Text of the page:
the gini coefficient

Over the past month, I’ve done an unholy amount of work with demographic data from the U.S. Census API.  Specifically, I was looking at what characteristics of a community affect broadband access in that community.  One of the features I looked at was economic inequality, which can be measured by the Gini coefficient.  Briefly, the Gini coefficient measures how equally incomes are distributed across a population.  The visual presentation is pretty intuitive, as you can see here:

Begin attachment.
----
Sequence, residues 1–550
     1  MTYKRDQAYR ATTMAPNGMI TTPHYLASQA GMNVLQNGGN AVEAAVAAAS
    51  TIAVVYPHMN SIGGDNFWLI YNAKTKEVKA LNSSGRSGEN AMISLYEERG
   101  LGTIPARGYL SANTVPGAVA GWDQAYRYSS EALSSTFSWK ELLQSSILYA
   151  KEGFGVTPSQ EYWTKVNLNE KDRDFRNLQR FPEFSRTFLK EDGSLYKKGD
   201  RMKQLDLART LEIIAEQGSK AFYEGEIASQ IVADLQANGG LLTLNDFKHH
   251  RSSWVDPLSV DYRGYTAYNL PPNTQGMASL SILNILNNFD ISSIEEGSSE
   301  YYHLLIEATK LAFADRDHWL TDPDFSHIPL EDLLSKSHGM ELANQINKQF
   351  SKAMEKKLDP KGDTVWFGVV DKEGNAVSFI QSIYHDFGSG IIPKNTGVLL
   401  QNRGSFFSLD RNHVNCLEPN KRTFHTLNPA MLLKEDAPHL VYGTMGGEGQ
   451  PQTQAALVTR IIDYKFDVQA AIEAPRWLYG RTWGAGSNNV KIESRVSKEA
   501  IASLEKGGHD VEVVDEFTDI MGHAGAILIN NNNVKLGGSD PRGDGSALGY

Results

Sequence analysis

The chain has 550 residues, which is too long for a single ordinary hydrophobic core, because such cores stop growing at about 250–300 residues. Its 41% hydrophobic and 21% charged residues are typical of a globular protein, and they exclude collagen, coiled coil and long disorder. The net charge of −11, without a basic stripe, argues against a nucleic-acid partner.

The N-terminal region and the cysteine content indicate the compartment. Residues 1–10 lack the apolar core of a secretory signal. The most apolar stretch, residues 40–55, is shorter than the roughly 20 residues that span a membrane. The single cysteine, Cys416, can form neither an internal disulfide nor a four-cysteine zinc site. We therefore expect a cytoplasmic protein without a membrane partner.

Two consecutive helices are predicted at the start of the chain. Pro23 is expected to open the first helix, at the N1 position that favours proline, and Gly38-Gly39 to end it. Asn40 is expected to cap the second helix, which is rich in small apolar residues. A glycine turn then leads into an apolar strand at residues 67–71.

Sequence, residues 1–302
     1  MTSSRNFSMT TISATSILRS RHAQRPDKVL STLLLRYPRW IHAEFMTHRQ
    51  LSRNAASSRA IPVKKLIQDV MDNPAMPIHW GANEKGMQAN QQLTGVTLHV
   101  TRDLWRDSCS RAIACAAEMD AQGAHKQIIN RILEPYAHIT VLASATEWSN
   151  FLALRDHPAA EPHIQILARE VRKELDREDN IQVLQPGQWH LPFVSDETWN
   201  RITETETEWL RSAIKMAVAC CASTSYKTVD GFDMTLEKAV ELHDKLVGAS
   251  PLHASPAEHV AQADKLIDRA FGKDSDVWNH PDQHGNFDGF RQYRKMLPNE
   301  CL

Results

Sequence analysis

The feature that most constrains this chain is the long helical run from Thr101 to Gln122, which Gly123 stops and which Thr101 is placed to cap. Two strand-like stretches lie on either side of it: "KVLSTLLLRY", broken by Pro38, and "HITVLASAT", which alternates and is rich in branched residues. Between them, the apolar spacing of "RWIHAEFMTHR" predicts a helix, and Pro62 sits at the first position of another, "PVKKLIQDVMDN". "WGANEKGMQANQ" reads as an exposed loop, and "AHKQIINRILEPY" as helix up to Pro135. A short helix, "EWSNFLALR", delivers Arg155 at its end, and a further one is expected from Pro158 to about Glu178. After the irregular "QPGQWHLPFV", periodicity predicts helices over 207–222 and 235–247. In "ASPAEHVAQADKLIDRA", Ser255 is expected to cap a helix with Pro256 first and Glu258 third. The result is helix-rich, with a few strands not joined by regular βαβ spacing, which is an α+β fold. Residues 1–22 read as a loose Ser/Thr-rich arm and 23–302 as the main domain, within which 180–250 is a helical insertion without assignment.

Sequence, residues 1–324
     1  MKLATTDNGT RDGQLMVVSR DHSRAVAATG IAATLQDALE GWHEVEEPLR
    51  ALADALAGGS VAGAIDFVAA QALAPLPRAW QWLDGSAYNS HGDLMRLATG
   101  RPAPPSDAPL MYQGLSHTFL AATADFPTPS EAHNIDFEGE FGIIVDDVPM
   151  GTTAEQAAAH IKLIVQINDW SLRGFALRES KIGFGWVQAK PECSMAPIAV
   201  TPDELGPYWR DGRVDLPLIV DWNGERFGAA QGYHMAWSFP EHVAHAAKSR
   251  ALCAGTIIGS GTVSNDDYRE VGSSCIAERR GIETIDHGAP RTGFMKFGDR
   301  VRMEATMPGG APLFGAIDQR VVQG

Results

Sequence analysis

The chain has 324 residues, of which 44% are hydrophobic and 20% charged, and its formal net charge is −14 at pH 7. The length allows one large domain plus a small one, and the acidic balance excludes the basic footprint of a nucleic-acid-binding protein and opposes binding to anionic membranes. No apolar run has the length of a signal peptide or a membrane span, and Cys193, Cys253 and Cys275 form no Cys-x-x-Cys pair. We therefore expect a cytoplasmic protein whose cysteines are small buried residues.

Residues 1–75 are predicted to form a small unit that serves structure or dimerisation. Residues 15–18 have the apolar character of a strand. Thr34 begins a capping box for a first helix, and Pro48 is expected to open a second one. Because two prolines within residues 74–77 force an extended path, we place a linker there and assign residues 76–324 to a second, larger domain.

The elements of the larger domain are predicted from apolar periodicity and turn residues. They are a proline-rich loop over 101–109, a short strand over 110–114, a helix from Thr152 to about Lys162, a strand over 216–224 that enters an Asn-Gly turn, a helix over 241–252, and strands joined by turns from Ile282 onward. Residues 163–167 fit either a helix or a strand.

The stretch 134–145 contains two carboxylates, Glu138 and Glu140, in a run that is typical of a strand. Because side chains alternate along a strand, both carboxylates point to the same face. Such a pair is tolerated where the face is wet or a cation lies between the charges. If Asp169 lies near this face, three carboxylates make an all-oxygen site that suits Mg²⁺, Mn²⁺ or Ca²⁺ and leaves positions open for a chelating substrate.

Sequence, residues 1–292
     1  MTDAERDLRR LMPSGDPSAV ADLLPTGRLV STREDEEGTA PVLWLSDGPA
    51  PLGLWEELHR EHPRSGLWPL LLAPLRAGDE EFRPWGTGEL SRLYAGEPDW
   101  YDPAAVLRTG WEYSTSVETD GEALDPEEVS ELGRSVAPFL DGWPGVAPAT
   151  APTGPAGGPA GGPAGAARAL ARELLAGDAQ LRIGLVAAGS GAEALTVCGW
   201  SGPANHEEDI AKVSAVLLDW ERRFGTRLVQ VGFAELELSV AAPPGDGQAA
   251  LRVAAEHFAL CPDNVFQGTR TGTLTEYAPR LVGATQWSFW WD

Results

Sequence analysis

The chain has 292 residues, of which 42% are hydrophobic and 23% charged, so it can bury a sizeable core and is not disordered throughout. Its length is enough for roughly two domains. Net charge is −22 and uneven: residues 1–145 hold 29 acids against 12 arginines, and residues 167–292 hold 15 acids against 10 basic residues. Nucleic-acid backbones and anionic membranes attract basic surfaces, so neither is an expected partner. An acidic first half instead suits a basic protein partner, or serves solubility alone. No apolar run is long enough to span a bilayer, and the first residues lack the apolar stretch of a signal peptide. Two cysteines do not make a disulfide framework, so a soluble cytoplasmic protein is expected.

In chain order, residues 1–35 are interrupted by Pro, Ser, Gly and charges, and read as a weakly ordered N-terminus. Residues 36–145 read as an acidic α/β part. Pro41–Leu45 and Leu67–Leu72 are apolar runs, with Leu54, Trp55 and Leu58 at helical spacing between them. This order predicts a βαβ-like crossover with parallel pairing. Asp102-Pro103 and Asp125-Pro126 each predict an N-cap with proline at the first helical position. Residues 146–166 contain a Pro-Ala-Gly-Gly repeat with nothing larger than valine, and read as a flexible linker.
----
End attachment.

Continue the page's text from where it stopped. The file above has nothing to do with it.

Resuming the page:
(image source: wikipedia)

A perfectly equal community (everyone’s income is the same) will essentially trace the line of equality, and the greater the difference between the area under the line of equality and the cumulative share of income (y is the share of total income earned by the bottom x% of earners), the greater the inequality.


News organizations seem to love using the Gini Index to talk about the effects of taxation and relative economic inequality worldwide, just to name a few. It’s a really universal, powerful way to talk about inequality.  Here’s an example from the Washington Post, presumably for the internationally curious.